Effectiveness of molecular markers for improving grain quality in Iranian rice

Document Type : Original research paper


1 Department of Agricultural Biotechnology, College of Agriculture, Tehran Science and Research Branch, Islamic Azad University, Tehran, Iran

2 Rice Research Institute of Iran-Deputy of Mazandaran, Agricultural Research, Education and Extension Organization, Amol, Iran

3 Department of Agricultural Biotechnology, College of Agriculture, Tehran Science and Research Branch, Islamic Azad University, Tehran, Iran.


Grain and cooking qualities in rice are measured by several physical and chemical traits, each of them controlled by several genes. Molecular markers have become fast and reliable tools for screening genotypes for grain quality. However, As different populations may carrydifferent genes, the efficacy of previously developed markers in new populations should be tested. In order to assess the effectiveness of molecular markers in predicting grain quality in Iranian rice genotypes, a total of 38 genotypes from three different backgrounds were fingerprinted by 9 grain quality specific molecular markers and 10 laboratory traits.A total of 31 alleles were detected with an average of 3.1 alleles per locus and the polymorphic information content values ranged from 0.245 to 0.74. Cluster analysis based on molecular markers divided the rice genotypes into three major clusters and effectively differentiated between various genotypes. However, the dendrogram based on the common set of qualitative traits didn't succeed in discriminating between original groups. There were significant associations between molecular markers and quality traits except for milling factor. However, these associations weren't necessarility specific to their supposed traits. Therefore, association of markers developed in other rice populations, specially those developed in Japonioca populations should be tested prior to application in Iranian rice marker assisted breeding programs.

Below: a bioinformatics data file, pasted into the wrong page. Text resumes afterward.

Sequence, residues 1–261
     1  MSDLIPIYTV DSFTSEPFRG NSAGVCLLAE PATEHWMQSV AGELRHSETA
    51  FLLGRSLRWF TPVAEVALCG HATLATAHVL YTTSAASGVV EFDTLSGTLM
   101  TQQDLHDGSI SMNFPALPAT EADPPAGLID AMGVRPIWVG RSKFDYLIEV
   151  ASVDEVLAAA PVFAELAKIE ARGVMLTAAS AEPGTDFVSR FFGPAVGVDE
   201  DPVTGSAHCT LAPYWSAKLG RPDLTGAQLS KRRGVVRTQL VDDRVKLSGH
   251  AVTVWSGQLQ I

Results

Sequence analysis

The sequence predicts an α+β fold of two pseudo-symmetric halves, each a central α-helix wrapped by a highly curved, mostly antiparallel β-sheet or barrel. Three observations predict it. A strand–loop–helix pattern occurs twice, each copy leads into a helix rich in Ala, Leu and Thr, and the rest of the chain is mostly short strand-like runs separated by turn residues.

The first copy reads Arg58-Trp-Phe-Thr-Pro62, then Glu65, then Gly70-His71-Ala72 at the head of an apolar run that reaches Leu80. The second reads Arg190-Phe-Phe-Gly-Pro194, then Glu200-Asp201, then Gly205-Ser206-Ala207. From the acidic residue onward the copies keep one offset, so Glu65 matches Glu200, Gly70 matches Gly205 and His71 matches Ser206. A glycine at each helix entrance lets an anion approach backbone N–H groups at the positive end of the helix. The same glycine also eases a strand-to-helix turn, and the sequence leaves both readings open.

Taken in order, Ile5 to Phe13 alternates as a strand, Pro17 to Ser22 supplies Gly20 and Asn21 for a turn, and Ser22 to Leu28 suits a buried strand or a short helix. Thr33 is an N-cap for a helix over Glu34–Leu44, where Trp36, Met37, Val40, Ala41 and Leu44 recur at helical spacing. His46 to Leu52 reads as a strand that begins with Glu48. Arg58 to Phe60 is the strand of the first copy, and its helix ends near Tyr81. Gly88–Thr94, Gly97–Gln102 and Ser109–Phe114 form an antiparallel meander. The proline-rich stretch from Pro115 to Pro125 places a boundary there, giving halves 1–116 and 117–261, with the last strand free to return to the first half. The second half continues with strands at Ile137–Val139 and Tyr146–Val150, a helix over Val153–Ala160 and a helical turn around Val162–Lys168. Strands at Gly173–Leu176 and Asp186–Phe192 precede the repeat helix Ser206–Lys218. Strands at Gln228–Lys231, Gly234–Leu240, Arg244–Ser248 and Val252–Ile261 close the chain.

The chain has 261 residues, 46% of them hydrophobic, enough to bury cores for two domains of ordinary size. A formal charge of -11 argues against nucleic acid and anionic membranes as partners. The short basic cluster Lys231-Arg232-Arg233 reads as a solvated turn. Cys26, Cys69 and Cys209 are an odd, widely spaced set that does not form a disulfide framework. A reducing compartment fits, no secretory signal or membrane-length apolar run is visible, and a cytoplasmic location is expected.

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Volume 7, Issue 1
June 2019
Pages 22-30
  • Receive Date: 18 July 2019
  • Revise Date: 12 December 2019
  • Accept Date: 31 December 2019
  • First Publish Date: 31 December 2019